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Abstract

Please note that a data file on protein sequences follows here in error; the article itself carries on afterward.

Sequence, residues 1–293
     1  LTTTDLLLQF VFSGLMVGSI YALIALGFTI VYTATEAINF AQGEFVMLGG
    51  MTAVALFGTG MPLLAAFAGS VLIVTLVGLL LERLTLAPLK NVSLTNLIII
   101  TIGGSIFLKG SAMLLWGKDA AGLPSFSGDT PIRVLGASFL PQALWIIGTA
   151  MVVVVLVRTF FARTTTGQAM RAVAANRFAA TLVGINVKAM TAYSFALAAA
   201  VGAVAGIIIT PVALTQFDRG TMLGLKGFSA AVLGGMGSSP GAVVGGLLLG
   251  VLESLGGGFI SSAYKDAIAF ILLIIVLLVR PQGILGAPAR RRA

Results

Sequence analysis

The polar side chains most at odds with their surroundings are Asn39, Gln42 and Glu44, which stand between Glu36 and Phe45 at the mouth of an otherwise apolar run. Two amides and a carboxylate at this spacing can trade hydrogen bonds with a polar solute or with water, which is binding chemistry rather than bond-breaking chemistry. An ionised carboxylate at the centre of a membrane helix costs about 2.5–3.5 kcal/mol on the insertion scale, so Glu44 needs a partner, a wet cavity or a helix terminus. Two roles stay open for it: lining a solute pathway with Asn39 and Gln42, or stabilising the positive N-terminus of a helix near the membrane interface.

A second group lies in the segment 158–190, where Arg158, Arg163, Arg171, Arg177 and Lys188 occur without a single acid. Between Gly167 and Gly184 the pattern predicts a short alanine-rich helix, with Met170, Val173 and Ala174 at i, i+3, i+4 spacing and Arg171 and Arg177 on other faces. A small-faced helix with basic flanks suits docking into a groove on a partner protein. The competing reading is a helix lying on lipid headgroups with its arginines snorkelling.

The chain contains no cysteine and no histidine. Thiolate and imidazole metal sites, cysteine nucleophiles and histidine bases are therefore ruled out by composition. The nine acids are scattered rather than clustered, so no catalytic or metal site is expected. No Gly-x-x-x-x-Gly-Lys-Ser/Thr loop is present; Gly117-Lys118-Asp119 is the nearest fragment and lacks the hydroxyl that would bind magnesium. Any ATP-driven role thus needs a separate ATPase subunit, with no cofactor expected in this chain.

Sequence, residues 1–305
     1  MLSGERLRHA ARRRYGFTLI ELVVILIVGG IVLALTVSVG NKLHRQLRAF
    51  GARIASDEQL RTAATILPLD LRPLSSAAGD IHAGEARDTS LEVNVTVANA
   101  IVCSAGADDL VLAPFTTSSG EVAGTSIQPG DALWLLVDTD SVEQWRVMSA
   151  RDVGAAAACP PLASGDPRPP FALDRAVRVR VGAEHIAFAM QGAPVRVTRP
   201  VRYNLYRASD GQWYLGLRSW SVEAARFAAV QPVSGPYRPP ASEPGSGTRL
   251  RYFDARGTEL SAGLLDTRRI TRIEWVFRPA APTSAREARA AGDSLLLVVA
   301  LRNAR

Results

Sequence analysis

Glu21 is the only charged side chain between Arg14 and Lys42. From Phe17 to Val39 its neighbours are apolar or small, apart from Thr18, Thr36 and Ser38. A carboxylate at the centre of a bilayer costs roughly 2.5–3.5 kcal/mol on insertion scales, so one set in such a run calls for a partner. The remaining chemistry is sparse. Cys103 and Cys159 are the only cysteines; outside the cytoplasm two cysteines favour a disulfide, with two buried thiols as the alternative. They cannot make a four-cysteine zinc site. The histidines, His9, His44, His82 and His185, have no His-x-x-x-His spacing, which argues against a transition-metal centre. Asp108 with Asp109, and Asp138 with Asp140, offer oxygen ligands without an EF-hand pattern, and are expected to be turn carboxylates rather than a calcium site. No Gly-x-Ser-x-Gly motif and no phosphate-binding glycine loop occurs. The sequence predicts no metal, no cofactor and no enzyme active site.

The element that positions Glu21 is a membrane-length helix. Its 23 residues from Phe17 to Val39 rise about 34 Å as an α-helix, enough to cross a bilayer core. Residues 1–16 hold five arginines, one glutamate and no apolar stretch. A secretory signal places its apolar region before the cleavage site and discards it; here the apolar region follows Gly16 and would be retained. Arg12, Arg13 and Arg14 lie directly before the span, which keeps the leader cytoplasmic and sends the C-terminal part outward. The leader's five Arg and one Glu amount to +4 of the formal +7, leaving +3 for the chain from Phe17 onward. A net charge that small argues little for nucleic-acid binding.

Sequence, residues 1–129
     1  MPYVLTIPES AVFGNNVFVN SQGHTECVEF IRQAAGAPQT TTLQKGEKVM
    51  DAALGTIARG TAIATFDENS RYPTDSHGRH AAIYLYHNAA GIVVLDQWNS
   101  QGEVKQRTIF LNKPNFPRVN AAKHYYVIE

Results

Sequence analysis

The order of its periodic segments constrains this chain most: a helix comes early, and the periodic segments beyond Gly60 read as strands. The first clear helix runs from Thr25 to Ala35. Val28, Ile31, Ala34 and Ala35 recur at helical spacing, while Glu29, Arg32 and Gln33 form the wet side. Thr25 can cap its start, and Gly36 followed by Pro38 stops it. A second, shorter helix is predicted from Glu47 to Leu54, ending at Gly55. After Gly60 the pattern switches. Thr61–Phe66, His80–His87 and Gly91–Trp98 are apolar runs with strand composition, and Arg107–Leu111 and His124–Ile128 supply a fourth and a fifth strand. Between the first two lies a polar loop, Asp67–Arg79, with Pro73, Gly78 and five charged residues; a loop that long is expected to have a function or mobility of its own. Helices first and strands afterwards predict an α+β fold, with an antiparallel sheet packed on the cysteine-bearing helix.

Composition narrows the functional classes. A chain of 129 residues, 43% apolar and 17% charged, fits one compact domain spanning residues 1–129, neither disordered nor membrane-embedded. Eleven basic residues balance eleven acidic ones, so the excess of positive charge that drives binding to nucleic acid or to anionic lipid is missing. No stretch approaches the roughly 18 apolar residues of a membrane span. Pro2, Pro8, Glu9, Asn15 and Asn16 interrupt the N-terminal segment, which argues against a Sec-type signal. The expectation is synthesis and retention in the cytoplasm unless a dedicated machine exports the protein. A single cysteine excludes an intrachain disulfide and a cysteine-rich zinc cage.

The See ColOr project aims at developing a mobility system for blind persons based on image color sonification. Within this project the present work addresses the optimal use of auditory-multi-touch interaction, and in particular the matter of the number of fingers needed for efficient exploration. To determine the actual significance of mono and multi-touch interaction onto the auditory feedback, a color matching memory game was implemented. Sounds of this game were generated by touching a tablet with one or two fingers. A group of 20 blindfolded users was tasked to find color matches into an image grid represented on the tablet by listening to their associated color-sound representation. Our results show that for an easy task aiming at matching few objects, the use of two fingers is moderately more efficient than the use of one finger. Whereas, against our intuition, this cannot be statistically confirmed in the case of similar tasks of increasing difficulty.

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